This site is dedicated to making high value health data more accessible to entrepreneurs, researchers, and policy makers in the hopes of better health outcomes for all. In a recent article, Todd Park, United States Chief Technology Officer, captured the essence of what the Health Data Initiative is all about and why our efforts here are so important.
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A small genotype data repository containing data used in recent papers from the Estonian Biocentre. Most of the data pertains to human population genetics. PDF files of the papers are also freely available.
PhysioNet is an on-line forum for the dissemination and exchange of recorded biomedical signals and open-source software for analyzing them. It provides facilities for the cooperative analysis of data and the evaluation of proposed new algorithms. In addition to providing free electronic access to PhysioBank data and PhysioToolkit software via the World Wide Web. PhysioNet offers services and training via on-line tutorials to assist users with varying levels of expertise. PhysioNet is a resource for biomedical research and development. It has three closely interdependent components: PhysioBank is a large and growing archive of well-characterized digital recordings of physiologic signals, time series, and related data for use by the biomedical research community. PhysioBank currently includes more than 60 collections of cardiopulmonary, neural, and other biomedical signals from healthy subjects and patients with a variety of conditions with major public health implications, including sudden cardiac death, congestive heart failure, epilepsy, gait disorders, sleep apnea, and aging. PhysioToolkit is a large and growing library of software for physiologic signal processing and analysis, detection of physiologically significant events using both classical techniques and novel methods based on statistical physics and nonlinear dynamics, interactive display and characterization of signals, creation of new databases, simulation of physiologic and other signals, quantitative evaluation and comparison of analysis methods, and analysis of nonequilibrium and nonstationary processes. PhysioNetWorks is a virtual laboratory where you can work together with us and with colleagues anywhere in the world to create, evaluate, improve, document, and prepare new data and software "works" for publication on PhysioNet. Unlike all other parts of the PhysioNet web site, access to PhysioNetWorks is password-protected. (Accounts are free and a password can be obtained in a minute or two.)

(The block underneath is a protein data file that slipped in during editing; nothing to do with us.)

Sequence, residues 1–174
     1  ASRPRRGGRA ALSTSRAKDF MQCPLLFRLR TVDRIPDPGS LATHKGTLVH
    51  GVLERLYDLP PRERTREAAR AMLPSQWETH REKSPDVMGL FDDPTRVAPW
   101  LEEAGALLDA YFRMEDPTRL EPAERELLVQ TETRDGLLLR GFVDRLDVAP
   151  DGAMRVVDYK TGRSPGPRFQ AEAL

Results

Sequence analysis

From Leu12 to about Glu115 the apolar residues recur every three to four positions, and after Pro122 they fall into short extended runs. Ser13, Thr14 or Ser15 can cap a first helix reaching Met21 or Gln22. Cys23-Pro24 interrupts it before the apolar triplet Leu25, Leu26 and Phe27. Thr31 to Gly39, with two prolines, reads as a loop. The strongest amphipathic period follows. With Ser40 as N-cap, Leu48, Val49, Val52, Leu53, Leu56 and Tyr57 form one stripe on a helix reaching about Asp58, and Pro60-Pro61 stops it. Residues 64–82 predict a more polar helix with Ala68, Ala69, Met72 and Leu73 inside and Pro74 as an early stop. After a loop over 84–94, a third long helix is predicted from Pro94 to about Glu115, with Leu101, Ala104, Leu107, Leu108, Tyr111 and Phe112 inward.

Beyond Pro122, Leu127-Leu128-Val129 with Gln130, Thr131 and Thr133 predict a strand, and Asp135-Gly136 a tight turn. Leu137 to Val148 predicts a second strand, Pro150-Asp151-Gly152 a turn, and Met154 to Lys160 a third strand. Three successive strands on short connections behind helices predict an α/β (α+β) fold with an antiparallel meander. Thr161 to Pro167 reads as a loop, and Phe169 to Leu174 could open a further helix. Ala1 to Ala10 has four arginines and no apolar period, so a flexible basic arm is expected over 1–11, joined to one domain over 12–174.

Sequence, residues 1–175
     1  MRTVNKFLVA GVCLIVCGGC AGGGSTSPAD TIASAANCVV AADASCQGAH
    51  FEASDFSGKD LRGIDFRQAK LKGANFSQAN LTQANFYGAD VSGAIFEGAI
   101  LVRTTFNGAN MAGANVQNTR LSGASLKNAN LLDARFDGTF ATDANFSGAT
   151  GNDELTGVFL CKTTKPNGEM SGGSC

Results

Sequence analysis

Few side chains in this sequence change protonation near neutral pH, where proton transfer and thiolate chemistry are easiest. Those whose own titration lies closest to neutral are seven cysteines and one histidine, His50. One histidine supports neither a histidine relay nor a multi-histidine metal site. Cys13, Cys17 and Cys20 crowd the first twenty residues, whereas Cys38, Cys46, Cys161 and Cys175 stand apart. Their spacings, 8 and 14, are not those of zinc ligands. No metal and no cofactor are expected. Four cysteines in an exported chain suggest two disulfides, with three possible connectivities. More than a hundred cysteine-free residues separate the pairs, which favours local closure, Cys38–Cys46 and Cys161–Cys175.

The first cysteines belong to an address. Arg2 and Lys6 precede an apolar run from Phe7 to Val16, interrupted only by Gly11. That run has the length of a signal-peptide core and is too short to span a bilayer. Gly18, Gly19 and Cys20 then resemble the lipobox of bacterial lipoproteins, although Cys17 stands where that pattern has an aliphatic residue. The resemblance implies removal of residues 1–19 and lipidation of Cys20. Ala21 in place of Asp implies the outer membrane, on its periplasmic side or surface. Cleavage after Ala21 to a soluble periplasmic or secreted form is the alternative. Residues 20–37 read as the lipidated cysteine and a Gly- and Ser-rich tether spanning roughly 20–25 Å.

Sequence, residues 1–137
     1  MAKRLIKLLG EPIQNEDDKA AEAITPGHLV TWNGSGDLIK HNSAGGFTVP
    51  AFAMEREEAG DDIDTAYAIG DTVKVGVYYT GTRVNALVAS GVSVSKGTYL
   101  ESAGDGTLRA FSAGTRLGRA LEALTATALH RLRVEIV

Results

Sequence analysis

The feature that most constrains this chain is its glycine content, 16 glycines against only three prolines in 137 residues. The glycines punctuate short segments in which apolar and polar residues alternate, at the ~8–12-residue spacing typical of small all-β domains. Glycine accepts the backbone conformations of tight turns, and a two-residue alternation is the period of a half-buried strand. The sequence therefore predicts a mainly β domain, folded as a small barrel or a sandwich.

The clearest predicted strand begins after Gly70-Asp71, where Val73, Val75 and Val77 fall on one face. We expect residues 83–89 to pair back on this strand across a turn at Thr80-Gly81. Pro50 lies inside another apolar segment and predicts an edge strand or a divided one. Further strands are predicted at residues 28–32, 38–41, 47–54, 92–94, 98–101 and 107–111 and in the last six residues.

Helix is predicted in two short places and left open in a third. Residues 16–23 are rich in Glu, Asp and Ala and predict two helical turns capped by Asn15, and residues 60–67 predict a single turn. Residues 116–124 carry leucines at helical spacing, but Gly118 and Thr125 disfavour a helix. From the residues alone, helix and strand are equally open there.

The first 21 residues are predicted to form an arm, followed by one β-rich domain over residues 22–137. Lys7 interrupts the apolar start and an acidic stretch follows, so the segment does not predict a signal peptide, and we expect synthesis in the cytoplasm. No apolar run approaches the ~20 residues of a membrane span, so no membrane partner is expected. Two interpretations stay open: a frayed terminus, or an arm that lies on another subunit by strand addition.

The SICAS Medical Image Repository is a database for the management of medical images and subsequently generated models of the bony anatomy. The database will provide a framework for the integration of statistical shape models. This will contribute to less invasive procedures, e.g. by reduced radiation exposure, and it will enable patient specific implant design.
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Curtin University has 222 data records in Research Data Australia, which cover 199 subjects areas including Applied research, EARTH SCIENCES and GEOLOGY and involve 32 group(s)
CDC.gov is the Centers for Disease Control and Prevention primary online communication channel. CDC.gov provides users with credible, reliable health information on Data and Statistics, Diseases and Conditions, Emergencies and Disasters, Environmental Health, Healthy Living, Injury, Violence and Safety,Life Stages and Populations, Travelers' Health, Workplace Safety and Health